The Casual Vacancy by J. K. Rowling

The Casual Vacancy was J. K. Rowling’s first book after Harry Potter, and her first adult book at that. Because of that, I know many people went into this book expecting certain things – expecting this book to have the same magical place and story even if there might not be any actual magic. I didn’t go into this book with that sort of mindset, neither was this my first of her books other than Harry Potter – I read her crime novel The Cuckoo’s Calling just last year. But I will say this book underwhelmed me. There were definitely things I liked about it, but overall I felt the execution lacking.

The story is set in a small suburban town in England in present time. One of the members of this community, Barry Fairbrother, dies within the first chapter or so – and the rest of the book is sort of the aftermath of this incident and how it affected the community. His death happens right in the middle of a political struggle between two sides in the town, the people who want to keep Yarvel within their community boundaries and the ones who don’t. Barry, being one of the representatives for the yes side, dying creates waves of change within the political structures, throws the whole community into chaos, and generally affects the lives of many families – many of which we see throughout this book.

I’ve heard people call this book slow paced and a character focused book. I’ll say yes to the first statement – this is definitely a slow burner. The main reason for this is I think the fact that it’s mainly made up of smaller events and dialogues and meetings that build up into the full picture, and also things that happen earlier on lead to consequences further in the book. It’s told in an unhurried sense, shifting perspective between characters more frequently than chapter headings, even within the same page. The character hopping is something you get used to, though I think it might be a negative for some readers.

However, I wouldn’t call this a character study. The reason for this is that rather than it being about one or even a few characters and their lives, it’s more about the community and the communal relationships, the dynamics within the community, the shared lives of these people and their families. Yes, the characters rather than any sort of plot is the focus – the Jawandas, the Mollisons, the Fairbrothers, etc. – all of these families that have their own issues and their own structures within themselves but also the way the families and the way each individual interacts with other groups, other people, and other settings. The group dynamic is the focus – which is what I liked most about the book as a whole. It was filled with drama as small communities are probably bound to be filled with, delightfully so. It’s also gratifying to see each piece of the puzzle – of the community – come together as you start to get to know the people in the town, start to recognize them in the text and to set them apart, to paint the town and become a part of it.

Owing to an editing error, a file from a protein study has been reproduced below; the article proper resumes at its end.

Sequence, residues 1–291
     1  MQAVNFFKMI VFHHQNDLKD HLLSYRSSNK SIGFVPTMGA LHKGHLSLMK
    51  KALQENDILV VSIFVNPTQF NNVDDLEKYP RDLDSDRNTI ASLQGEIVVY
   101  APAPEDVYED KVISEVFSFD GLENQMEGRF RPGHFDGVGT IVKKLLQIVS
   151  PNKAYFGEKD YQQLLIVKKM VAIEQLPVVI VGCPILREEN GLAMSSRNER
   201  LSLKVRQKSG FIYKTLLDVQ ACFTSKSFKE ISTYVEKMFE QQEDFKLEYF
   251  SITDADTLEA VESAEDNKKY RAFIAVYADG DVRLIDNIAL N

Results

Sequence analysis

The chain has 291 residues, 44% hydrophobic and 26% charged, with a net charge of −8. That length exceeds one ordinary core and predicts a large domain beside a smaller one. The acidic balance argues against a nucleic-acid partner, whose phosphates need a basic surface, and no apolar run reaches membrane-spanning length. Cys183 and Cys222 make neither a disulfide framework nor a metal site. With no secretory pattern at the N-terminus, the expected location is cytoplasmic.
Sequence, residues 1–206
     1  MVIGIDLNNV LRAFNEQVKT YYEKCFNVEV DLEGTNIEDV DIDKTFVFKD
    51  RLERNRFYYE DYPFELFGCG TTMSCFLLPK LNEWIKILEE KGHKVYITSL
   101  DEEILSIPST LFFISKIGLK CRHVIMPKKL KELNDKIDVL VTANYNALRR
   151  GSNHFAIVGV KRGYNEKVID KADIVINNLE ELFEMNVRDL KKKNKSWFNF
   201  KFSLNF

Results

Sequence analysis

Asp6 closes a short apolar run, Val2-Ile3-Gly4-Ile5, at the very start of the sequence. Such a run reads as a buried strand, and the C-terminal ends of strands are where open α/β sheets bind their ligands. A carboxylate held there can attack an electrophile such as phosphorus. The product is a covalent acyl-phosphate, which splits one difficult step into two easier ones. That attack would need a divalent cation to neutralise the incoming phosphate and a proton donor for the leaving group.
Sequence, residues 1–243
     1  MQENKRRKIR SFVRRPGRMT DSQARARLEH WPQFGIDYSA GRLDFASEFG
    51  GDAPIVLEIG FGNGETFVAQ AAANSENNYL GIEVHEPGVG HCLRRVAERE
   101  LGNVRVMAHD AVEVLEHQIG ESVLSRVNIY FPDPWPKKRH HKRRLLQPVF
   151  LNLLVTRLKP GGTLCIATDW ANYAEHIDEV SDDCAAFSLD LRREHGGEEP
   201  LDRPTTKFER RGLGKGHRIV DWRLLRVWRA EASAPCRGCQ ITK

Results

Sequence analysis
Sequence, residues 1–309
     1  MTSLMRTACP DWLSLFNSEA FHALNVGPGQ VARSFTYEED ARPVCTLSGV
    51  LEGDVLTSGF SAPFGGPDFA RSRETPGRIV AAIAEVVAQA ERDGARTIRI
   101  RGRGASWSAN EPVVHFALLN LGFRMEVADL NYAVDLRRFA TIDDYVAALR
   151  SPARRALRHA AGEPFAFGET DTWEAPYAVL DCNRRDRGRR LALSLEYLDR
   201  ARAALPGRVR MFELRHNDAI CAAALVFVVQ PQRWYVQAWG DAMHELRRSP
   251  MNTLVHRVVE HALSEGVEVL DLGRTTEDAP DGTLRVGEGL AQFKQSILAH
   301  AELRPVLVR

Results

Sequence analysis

But another reason I think the book feels so slow paced also comes from the previous story telling technique or focus – the fact that the community is in focus and the perspective changes so often, makes it harder for you as a reader to get to know the characters, and to care for them. It takes a much longer time to feel acquainted with any of them, and even to the end the only character I truly cared for was Suhkvinder. Every time I felt a strong emotional response from reading this book was when I was reading her parts, I cried at least twice and found it a bit hard to keep reading the second time even though I was nearing the end of the book and wanted to know how it was going to wrap up. But for me at least it took a really long time (long time like about 400 pages) to start feeling like I knew these people, to feel like I was there, to care about anyone or anything – to not just be amused but to feel like I wanted to root for someone, or want to read more of someone. Basically I feel it shouldn’t take more than two thirds of a book to start caring, and I would probably have given up on this book had I not read so much already.

As for the writing, it’s actually very easy to read. J. K. Rowling’s prose isn’t much to comment on. I feel she’s a pretty good story teller but the actual writing isn’t noteworthy, same as with The Cuckoo’s Calling (I haven’t read the Harry Potter books in English so I don’t dare comment on them). The language has very little beauty in itself, and sometimes she goes for the easy or the expected even in story telling – but there were instances of interesting writing, like when she kind of doubled dialogue with inner thoughts. Every other line would tell the story that is going on in a present dialogue and then one of the characters inner thoughts in that same time would be interwoven in the dialogue in parathesis. I thought it was an interesting way to really reflect how interactions with other people actually look like, even her dialogues – when people cut each other off, is definitely more accurate than much dialogue I’ve read in my life.

I still think The Casual Vacancy has its strengths and reasons for reading it, although it’s up to the reader to decide on the whole caring-bit, if you’re willing to stick with it or not. Or you might not have any problems with the caring at all – if you’ve read the book, I’d love to read your thoughts in the comments.

Until next time, happy reading!


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